Greetings everyone and thank you Matt for all you do! You do so well explaining step by step the procedures necessary for property finding and fixing whatever is wrong with the vehicle. I am a mobile auto mechanic in Northern California and have been only following you for the past 8 months or so. I look forward to learning as much as I can and thank you for all that you do!May 25, 2018 at 9:05 am #1740mthqworkParticipant
Hello Everyone, hello Matt!
I am mthq work (or work mthq dunno how YouTube displays), my real name is Gergely.
I’m from Hungary, working as IT system administrator. Just learning about cars,
your videos are very good. Easy to understand, but has a lot of information in it.
I have 2 rare cars here, “mechanics” was ripped me off a lot of money (You know,
the part cannon mechanics). Now with my uncle we do car repairs for ourselves.
Keep up the work, and we will be your constant subscriber 🙂
(Sorry for the not-so-good english)May 25, 2018 at 11:39 am #1742SilverGhostParticipant
my name is John, I’m 49, a GP by profession, but a very enthusiastic DIYer for a couple of years now. Your channel has been an invaluable source of much needed inspiration and clearly presented information that is so lacking on the internet in general.
Thank-you so much for the enormous amount of work that has so obviously gone into your videos.
Without asking for too much from you I would love as many case studies as possible reinforcing the logical processes involved in electrical diagnosis, whether that may be testing solenoids, computer drivers, analysing shorts, opens etc. You can become so complacent.so more confidence gained in dfferentiating between ground side and power side switched for example the better. In addition I enjoy seeing the use of all the toolsof the trade whether that means the humble DVOM and test light or the oscilloscope and let’s face it, all of us on this site need to learn all about this tool.
I realise that time nowadays does not allow you to do too much involved wrenching as such but yourseries a couple of years ago on engine dismantling and rebuilding struck a chord with me especially the bit at the end about simply biting the bullet and giving it a go so I am presently in the middle of some major work that I have you to thank for and which has been the reason I have learned so much.
Finally I also realise that you have limited access [ and interest ] in pre OBD 11 vehicles but f you ever had the opportunity to show work on these I for one would be a very interested observer as working without scan tool is a challenge in itself.
Once again a big thank -you and I look forward to spending more time watching and doing something that to me [ like to you ] has become a hobby as engrossing as anything I have done previously.May 25, 2018 at 6:24 pm #1778ToyotamanParticipant
My name is Stephen from the UK. My interest in cars started back in the 1980s and has really snowballed since then. Years ago i did my own servicing work, then progressed to repair jobs and now enjoy doing diagnostics too. Very impressed with the website Matt.May 25, 2018 at 6:43 pm #1783CuConnachtParticipant
I’m Dave and I’m from Ireland. I have a science background (like yourself) and work as a chemist. My interest in DIY on cars started out 10yrs ago because I couldn’t afford to pay for repairs or servicing on my car so I bought a socket set and started with a Haynes manual (ducks for cover!). From there I started watching ETCG videos then onto your videos and scannerdanners and recently a lot of Eric O’s stuff and many others in between. The electrical stuff would be a weaker point for me and I like the way the way you break down, explain and demonstrate the theory. Looking forward to watching and learning. Thanks.May 25, 2018 at 8:29 pm #1815AlgdunParticipant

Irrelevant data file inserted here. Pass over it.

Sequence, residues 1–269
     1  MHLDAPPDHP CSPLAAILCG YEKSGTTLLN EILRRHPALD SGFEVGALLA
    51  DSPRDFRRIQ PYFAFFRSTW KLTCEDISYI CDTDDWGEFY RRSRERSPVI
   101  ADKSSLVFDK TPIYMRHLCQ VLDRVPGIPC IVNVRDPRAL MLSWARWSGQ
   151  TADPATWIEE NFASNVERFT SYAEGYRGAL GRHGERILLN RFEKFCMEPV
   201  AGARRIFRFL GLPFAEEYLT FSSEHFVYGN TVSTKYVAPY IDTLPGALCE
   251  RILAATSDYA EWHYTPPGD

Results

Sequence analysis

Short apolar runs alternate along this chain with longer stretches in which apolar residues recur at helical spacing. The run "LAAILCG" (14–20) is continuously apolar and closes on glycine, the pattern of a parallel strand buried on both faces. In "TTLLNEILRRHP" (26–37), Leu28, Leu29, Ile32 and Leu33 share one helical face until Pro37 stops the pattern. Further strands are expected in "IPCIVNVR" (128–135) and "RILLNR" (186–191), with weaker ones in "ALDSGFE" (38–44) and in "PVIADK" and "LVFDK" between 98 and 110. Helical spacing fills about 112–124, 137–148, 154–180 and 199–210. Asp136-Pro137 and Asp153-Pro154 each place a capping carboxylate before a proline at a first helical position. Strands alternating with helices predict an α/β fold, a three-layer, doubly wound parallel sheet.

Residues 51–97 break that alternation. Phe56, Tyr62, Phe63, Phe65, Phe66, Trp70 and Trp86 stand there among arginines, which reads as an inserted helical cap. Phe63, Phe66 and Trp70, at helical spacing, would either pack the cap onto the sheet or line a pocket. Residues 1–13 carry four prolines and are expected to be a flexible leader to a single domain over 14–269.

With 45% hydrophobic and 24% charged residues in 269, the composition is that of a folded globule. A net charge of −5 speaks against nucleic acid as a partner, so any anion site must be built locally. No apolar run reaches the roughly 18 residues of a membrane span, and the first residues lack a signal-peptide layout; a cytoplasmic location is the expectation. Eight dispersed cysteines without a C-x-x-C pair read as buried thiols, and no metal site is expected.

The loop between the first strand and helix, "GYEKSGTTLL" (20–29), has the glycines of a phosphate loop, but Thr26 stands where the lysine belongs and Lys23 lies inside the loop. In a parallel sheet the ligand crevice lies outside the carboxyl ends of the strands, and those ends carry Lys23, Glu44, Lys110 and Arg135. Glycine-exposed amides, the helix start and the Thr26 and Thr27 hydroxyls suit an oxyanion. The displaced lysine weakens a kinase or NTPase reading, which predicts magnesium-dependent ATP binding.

Greetings all… real name is Al. Reside in central Kentucky. Retired from 40 years in the printing business. Slowly gaining speed as a DIYer on family vehicles (boy, do I wish I had a lift in the garage!). Been watching Matt for awhile, ETCG, Paul Danner, SMA, PHAD, and others. Next big step will be sinking $$$ into a diagnostic scanner. I’ve found my daughter-in-law’s 2006 Mini to be quite a challenge compared to others I’ve worked around. Looking forward to electrical diagnosis, wiring diags, etc. to sharpen my skills. Other vehicles in the family include 2011 Hyundai Sonata, 2014 Nissan Frontier, 2013 Nissan Sentra, 2014 Chevy Sonic. Looking forward to Matt’s “show”.May 25, 2018 at 8:30 pm #1816Schrodingers BoxKeymaster
This is great everyone! Good to see these familiar names!!
It’s great to know the fan base. I’ll probably do some videos here showing a bit on how I got started and built up my garage and channel purely on income generated from working on cars on the weekend as a “paid hobby”. I think a lot of you may be interested in a similar trajectory!May 25, 2018 at 8:48 pm #1821TrentParticipant
Hello everyone. Thanks for the new website Matt.
My name is Trent and I’m an advanced DIYer. My regular job is being a control room operator on a paper machine.
I’ve done various mechanical and electrical work all my life. A few years ago (after running into guys like Matt), I took an interest in understanding/troubleshooting automotive circuit design. After studying and submitting some part time hours worked (over the past 40 years), I tested and earned my A6 and A8 ASE certifications.
My scan tool equipment is Autoenginuity. I have several other pieces of diagnostic equipment including a Picoscope.
Thanks again Matt. Love your sense of humor.
TrentMay 25, 2018 at 10:39 pm #1853FearlessFreepParticipant
Hello all, my name is Steve and I am a shadetree mechanic, never been a professional one and don’t have any credentials. I’ve always preferred to work on my cars myself to save money, and I enjoy doing it. I’ve always used the parts cannon approach though, until a couple of years ago when I found Matt’s channel along with some others that show how to do diagnostics instead of just parts changing. Matt, I have followed your channel on Youtube for a while and you seem to know what you’re doing, and you are funny too. I want to improve my fledgling diagnostic skills and so here I am. Looking forward to what you have to offer Matt!